Shabbat 121aשבת קכ״א א
The William Davidson Talmudתלמוד מהדורת ויליאם דוידסון
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121aקכ״א א

טבילה בזמנה לאו מצוה ומהדרינן ורבי יוסי סבר טבילה בזמנה מצוה ולא מהדרינן

that performing immersion at its designated time is not a mitzva, and we seek a reed to wrap around God’s name even if it means postponing immersion to the next day, and Rabbi Yosei holds that immersion at its designated time is a mitzva, and therefore we do not seek a reed, since immersion cannot be postponed.

וסבר רבי יוסי טבילה בזמנה מצוה והתניא הזב והזבה המצורע והמצורעת בועל נדה וטמא מת טבילתן ביום נדה ויולדת טבילתן בלילה בעל קרי טובל והולך כל היום כולו רבי יוסי אומר מן המנחה ולמעלה אינו צריך לטבול ההיא רבי יוסי ברבי יהודה היא דאמר דייה טבילה באחרונה:

The Gemara asks: And does Rabbi Yosei hold that immersion at its designated time is a mitzva? Wasn’t it taught in a baraita: With regard to a zav and a zava, a male and female leper, one who has relations with a menstruating woman, and a person impure with impurity imparted by a corpse, their immersion is during the day. They immerse at the designated time even on Yom Kippur, when bathing is prohibited. A menstruating woman and a woman after childbirth immerse at night. A man who has had a seminal emission immerses at any point during the entire day after the emission. Rabbi Yosei says: From the time that he recited the afternoon prayer and on he does not immerse. Since he already recited the afternoon prayer, he waits until after Yom Kippur to immerse, and then recites the evening prayer in a state of purity. Apparently, Rabbi Yosei holds that immersion at the designated time is not a mitzva. The Gemara rejects this: In that baraita the reference is not to the Rabbi Yosei most commonly cited in tannaitic literature without a patronymic, Rabbi Yosei ben Ḥalafta, but it is to Rabbi Yosei, son of Rabbi Yehuda, who said: Her latest immersion is sufficient. A woman who is uncertain with regard to the correct time for her immersion need not immerse multiple times. She may postpone her immersion until a time when she will be certain to fulfill her obligation, even though it might not be immersion at the designated time.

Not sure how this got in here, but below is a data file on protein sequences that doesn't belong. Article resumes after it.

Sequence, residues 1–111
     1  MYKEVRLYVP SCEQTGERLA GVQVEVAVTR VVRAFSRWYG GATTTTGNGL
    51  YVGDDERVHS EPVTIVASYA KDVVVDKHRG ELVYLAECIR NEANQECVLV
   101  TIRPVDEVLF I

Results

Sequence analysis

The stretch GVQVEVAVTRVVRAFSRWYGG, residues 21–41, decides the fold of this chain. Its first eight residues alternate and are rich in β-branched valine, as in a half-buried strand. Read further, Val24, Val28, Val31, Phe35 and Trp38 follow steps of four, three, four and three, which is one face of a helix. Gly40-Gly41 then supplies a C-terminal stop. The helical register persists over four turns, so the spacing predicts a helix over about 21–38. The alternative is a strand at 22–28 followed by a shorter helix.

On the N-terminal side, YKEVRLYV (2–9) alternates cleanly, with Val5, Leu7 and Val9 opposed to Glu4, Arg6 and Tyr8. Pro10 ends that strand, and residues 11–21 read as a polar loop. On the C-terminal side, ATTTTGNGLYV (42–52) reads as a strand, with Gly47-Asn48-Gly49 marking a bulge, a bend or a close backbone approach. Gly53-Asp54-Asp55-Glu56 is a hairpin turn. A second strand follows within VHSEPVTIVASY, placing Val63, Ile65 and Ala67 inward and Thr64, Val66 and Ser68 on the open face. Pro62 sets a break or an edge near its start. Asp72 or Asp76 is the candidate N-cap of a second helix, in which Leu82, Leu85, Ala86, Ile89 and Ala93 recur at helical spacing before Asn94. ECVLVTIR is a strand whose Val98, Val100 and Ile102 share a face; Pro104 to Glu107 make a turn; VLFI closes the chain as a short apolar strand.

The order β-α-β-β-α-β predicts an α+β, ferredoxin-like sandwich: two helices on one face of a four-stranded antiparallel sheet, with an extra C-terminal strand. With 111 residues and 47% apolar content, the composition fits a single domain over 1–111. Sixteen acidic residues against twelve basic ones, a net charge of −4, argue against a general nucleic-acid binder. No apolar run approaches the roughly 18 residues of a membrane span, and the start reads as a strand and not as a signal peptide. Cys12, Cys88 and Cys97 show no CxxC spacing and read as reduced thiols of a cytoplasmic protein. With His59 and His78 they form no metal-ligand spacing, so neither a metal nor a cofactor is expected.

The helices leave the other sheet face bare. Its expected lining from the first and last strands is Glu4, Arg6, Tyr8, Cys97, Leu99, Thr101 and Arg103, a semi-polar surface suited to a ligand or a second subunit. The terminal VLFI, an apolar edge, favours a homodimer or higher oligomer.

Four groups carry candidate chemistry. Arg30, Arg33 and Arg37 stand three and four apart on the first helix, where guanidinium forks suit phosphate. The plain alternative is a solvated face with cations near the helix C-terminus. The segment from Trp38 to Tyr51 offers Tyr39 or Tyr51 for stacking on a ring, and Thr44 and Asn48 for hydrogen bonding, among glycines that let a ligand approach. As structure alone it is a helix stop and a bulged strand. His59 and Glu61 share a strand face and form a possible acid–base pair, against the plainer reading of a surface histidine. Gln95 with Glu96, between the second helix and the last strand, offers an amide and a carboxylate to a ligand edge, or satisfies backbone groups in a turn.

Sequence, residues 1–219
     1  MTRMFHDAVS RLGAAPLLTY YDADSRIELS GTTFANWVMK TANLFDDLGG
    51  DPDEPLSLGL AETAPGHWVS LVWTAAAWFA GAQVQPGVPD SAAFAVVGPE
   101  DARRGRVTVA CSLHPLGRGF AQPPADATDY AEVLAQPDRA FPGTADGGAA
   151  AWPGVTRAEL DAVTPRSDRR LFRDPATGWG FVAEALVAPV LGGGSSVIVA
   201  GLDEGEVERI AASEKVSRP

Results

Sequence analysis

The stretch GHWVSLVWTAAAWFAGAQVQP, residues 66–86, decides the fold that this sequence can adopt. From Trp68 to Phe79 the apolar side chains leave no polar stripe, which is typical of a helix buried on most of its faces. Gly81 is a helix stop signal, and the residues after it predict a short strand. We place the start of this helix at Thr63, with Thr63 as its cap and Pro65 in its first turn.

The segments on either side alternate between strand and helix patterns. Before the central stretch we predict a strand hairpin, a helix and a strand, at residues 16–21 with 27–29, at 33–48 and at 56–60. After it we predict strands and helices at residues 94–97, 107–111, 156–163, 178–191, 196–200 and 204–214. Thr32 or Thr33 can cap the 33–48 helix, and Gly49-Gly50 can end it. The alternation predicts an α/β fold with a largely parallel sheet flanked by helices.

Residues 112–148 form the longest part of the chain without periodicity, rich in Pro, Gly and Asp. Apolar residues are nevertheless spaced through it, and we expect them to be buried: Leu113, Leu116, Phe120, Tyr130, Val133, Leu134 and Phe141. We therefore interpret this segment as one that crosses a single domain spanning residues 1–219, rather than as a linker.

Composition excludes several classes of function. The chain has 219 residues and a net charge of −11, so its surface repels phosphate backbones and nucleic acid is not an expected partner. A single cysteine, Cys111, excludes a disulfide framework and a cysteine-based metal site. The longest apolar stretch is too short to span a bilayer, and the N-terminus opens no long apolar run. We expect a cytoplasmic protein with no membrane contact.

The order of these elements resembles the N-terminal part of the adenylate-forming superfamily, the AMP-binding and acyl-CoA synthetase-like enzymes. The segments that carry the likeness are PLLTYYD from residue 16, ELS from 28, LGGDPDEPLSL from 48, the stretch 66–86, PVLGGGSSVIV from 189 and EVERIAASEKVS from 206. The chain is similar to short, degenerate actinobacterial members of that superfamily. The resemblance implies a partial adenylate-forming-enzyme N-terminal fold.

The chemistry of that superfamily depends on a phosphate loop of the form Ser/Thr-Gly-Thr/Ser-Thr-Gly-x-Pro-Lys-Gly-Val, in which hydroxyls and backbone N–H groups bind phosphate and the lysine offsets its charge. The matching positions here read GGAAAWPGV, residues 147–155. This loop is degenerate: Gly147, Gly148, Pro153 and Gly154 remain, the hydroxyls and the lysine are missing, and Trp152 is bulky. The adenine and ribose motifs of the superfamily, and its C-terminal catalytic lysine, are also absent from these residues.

מתני׳ גוי שבא לכבות אין אומרים לו כבה ואל תכבה מפני שאין שביתתו עליהן אבל קטן שבא לכבות אין שומעין לו מפני ששביתתו עליהן:

MISHNA: If a gentile comes to extinguish a Jew’s fire on Shabbat, one may not say to him: Extinguish, and: Do not extinguish, because responsibility for his rest is not incumbent upon the Jew. However, if a Jewish child comes to extinguish a fire on Shabbat, they do not listen to him and allow him to extinguish it, even though he is not yet obligated in mitzva observance, because responsibility for his rest is incumbent upon the Jew.

גמ׳ אמר רבי אמי בדליקה התירו לומר כל המכבה אינו מפסיד נימא מסייע ליה גוי שבא לכבות אין אומרים לו כבה ואל תכבה מפני שאין שביתתו עליהן כבה הוא דלא אמרינן ליה הא כל המכבה אינו מפסיד אמרינן ליה אימא סיפא אל תכבה לא אמרינן ליה וכל המכבה אינו מפסיד נמי לא אמרינן ליה אלא מהא ליכא למשמע מינה

GEMARA: Rabbi Ami said: During a fire, the Sages permitted to say in the presence of gentiles: Anyone who extinguishes the fire will not lose, so that the gentiles will come and extinguish the fire; it is only prohibited to tell gentiles to do so explicitly. The Gemara suggests: Let us say that the mishna supports his statement: If a gentile comes to extinguish a Jew’s fire on Shabbat, one may not say to him: Extinguish, and: Do not extinguish, because responsibility for his rest is not incumbent upon the Jew. It can be inferred from the language of the mishna: It is a direct command, e.g., extinguish, that we may not say to him; however, anyone who extinguishes will not lose, we may tell him, which supports Rabbi Ami’s statement. The Gemara rejects this. Say the latter clause of the mishna: Do not extinguish, we do not tell him. It can be inferred that neither do we say to him: Anyone who extinguishes will not lose. Rather, nothing can be inferred from this mishna.